Whitney made its debut last fall on NBC with a tired premise - one of modern love. Comedian Whitney Cummings plays the titular character, a quirky thirty-something living with her boyfriend, Alex. Through their relationship, and through those of their friends, the show explores questions of matrimony - its importance in a society where it’s no longer taboo to live together outside of marriage - and the contemporary dating scene. Since its premiere, Whitney has dealt with that shade of love between dating and marriage, and the pitfalls and hiccups that occur when two people share their lives. Much of the comedic tension that happens in Whitney arises out of the characters’ reluctance to relinquish their independence to a significant other, or as a result of failed affairs, and their cynicism towards future relationships.
The mid-season premier last week continued to harp on this theme. Whitney and Alex have an argument about trust. Alex has a password on his phone and he refuses to tell Whitney what it is. All of this culminates when Whitney walks in on Alex, ahem, pleasing himself. It appears that there are still some boundaries between the couple; some things that remain private or separate from the relative public sphere of the relationship. Meanwhile, Lily and Neal, the token “new couple,” have decided to move in together, and Lily becomes uncomfortable with sharing some of the more intimate details of her life, like, say, using the bathroom or wearing a mouth guard to sleep.
When Whitney reveals to her friends that she “walked in” on Alex, the entire issue of trust gets turned on its head, and the episode ends with Whitney exposing herself, metaphorically and literally, in an attempt to reconcile with Alex. The biggest problem with this is that it’s precisely what the series has be doing since its beginning in fall. The show has already established the conceit of independent young adults maturing into better halves and the obstacles they encounter, the reservations they have about letting go of their former lives and subsequently their identities, mannerism and habits. It would seem that Whitney is a one trick pony, all the jokes falling back on the idea that the characters are inherently uncomfortable with their romantic situations, yet in the end accept love as the preferable option, and they come to a conclusion that usually has to do with compromise.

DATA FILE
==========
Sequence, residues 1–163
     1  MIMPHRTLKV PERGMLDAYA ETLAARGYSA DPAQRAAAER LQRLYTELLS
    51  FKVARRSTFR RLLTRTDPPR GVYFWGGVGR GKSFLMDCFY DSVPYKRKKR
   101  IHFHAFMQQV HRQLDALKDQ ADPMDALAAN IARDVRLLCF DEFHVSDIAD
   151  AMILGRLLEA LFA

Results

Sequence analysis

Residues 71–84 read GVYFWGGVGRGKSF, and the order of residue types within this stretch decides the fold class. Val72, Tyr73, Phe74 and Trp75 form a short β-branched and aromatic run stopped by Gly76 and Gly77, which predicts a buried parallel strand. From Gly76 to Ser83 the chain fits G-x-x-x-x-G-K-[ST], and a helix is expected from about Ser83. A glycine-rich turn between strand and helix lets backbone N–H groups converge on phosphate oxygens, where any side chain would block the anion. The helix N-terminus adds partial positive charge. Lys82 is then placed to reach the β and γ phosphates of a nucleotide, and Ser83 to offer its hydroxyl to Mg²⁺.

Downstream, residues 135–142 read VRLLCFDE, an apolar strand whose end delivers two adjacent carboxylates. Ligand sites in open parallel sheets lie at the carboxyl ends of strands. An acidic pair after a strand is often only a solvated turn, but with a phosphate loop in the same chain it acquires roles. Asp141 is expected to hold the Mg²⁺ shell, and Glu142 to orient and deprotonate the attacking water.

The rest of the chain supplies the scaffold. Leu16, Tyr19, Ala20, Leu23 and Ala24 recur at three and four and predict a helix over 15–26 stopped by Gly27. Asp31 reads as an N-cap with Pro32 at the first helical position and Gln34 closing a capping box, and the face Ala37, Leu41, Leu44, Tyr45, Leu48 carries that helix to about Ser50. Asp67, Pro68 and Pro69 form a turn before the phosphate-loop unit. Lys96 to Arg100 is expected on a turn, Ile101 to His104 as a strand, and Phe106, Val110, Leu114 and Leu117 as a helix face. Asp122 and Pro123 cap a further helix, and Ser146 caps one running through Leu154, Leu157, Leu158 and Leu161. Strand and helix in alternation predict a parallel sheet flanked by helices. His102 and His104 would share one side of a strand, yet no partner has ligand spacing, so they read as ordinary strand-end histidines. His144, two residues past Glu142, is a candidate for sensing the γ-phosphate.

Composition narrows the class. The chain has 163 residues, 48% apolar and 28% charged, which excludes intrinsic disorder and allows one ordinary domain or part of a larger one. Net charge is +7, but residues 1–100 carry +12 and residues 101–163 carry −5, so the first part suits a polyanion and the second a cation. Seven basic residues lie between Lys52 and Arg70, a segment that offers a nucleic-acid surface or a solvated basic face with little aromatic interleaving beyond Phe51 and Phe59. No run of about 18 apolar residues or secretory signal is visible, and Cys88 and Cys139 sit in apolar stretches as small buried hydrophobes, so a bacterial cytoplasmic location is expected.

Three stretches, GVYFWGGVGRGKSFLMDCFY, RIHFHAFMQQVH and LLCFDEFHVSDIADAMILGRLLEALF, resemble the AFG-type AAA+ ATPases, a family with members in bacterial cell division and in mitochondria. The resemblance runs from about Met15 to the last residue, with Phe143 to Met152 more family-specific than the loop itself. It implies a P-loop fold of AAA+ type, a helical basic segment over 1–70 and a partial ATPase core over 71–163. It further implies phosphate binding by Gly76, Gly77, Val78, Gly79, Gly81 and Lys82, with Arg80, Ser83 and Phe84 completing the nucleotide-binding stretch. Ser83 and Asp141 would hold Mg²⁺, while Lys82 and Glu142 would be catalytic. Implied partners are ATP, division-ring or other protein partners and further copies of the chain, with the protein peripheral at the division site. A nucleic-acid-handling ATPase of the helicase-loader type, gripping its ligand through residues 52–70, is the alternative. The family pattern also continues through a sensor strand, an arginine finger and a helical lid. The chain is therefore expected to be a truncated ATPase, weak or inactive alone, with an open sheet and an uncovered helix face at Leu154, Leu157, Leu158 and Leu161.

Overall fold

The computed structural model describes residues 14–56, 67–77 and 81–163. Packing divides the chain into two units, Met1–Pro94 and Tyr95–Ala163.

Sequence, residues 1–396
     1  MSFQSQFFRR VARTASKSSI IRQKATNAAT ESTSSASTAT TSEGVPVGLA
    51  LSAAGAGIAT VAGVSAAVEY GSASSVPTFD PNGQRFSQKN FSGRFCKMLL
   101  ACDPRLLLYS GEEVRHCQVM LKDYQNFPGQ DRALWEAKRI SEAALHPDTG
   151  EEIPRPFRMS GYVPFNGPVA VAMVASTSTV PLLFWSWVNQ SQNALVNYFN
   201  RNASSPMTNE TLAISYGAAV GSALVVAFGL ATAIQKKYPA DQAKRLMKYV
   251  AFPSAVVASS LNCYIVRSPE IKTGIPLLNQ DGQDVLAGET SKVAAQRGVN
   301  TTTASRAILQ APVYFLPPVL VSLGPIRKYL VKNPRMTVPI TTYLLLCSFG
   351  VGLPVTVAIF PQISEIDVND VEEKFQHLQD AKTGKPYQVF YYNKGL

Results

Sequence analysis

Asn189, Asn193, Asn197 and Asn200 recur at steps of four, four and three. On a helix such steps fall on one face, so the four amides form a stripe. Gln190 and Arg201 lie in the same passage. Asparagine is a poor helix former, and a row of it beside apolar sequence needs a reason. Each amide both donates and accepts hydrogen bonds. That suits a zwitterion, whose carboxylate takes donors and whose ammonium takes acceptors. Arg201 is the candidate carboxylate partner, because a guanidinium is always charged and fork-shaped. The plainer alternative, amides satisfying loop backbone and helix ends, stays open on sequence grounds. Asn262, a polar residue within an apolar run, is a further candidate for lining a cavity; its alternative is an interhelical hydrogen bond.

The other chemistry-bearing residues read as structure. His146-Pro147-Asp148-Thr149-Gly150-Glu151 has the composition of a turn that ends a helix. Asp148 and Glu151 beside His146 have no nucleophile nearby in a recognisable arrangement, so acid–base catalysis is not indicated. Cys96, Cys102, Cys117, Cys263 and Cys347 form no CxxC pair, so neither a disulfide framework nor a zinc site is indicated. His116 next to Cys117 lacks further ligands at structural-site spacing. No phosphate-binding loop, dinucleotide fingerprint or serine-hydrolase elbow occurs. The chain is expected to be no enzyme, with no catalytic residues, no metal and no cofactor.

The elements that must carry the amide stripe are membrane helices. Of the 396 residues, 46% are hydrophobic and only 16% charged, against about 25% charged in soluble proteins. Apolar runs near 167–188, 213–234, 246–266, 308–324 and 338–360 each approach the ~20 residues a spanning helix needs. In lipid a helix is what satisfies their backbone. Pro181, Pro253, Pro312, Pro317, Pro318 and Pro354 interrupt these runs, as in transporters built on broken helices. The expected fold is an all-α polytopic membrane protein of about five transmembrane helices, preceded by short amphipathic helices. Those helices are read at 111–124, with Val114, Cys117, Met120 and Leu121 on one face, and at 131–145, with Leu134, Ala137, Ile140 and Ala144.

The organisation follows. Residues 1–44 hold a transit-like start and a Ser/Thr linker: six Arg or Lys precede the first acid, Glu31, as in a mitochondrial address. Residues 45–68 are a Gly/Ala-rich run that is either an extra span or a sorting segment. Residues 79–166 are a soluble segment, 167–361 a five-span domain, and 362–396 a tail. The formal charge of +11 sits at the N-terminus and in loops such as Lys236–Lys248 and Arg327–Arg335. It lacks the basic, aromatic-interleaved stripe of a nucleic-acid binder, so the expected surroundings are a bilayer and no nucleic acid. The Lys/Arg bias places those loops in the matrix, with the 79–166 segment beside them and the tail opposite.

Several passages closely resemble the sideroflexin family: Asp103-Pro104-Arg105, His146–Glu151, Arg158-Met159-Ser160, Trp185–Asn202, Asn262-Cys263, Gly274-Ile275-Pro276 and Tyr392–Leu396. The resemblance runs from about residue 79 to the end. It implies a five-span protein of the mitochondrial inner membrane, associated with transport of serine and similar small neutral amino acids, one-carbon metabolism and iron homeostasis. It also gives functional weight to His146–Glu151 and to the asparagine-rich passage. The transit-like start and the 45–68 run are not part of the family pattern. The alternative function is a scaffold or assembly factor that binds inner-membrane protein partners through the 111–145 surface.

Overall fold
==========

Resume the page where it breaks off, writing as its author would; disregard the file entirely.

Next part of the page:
When it first premiered, there was hope that Whitney would offer sharp, funny criticism on the state of modern love and the dating scene, or at least make fun of conventional, outdated modes of courtship. But it seems that at the end of every episode the characters end up falling into the cliché they’re so consciously trying to avoid. There are some virtues to Whitney, mainly that it’s filmed in front of a live audience. The humor is sufficient; it hard not to laugh. But as a show that might tag itself as “not your parents sitcom about dating,” Whitney falls well short of groundbreaking.
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